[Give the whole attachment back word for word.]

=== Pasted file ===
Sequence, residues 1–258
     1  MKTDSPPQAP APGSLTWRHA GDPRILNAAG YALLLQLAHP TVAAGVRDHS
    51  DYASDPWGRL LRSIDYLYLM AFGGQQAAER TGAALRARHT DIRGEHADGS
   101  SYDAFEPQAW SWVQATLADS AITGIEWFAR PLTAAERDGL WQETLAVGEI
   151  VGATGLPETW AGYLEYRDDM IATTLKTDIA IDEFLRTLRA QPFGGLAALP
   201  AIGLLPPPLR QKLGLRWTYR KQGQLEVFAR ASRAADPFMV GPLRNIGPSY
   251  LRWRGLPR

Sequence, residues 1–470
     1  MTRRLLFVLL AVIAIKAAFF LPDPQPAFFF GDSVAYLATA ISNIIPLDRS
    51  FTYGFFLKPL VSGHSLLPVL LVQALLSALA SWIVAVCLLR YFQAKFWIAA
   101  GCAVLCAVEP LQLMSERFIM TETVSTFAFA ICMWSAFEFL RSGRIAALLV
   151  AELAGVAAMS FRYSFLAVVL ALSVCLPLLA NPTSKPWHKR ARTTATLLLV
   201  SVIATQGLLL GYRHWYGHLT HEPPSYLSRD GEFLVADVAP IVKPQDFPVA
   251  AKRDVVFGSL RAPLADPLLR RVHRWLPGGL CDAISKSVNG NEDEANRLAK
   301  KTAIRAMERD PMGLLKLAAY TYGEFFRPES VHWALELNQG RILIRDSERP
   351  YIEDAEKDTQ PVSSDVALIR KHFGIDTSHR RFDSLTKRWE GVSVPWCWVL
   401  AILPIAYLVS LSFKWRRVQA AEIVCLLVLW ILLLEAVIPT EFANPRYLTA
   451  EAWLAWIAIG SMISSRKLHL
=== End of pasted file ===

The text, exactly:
Sequence, residues 1–258
     1  MKTDSPPQAP APGSLTWRHA GDPRILNAAG YALLLQLAHP TVAAGVRDHS
    51  DYASDPWGRL LRSIDYLYLM AFGGQQAAER TGAALRARHT DIRGEHADGS
   101  SYDAFEPQAW SWVQATLADS AITGIEWFAR PLTAAERDGL WQETLAVGEI
   151  VGATGLPETW AGYLEYRDDM IATTLKTDIA IDEFLRTLRA QPFGGLAALP
   201  AIGLLPPPLR QKLGLRWTYR KQGQLEVFAR ASRAADPFMV GPLRNIGPSY
   251  LRWRGLPR

Sequence, residues 1–470
     1  MTRRLLFVLL AVIAIKAAFF LPDPQPAFFF GDSVAYLATA ISNIIPLDRS
    51  FTYGFFLKPL VSGHSLLPVL LVQALLSALA SWIVAVCLLR YFQAKFWIAA
   101  GCAVLCAVEP LQLMSERFIM TETVSTFAFA ICMWSAFEFL RSGRIAALLV
   151  AELAGVAAMS FRYSFLAVVL ALSVCLPLLA NPTSKPWHKR ARTTATLLLV
   201  SVIATQGLLL GYRHWYGHLT HEPPSYLSRD GEFLVADVAP IVKPQDFPVA
   251  AKRDVVFGSL RAPLADPLLR RVHRWLPGGL CDAISKSVNG NEDEANRLAK
   301  KTAIRAMERD PMGLLKLAAY TYGEFFRPES VHWALELNQG RILIRDSERP
   351  YIEDAEKDTQ PVSSDVALIR KHFGIDTSHR RFDSLTKRWE GVSVPWCWVL
   401  AILPIAYLVS LSFKWRRVQA AEIVCLLVLW ILLLEAVIPT EFANPRYLTA
   451  EAWLAWIAIG SMISSRKLHL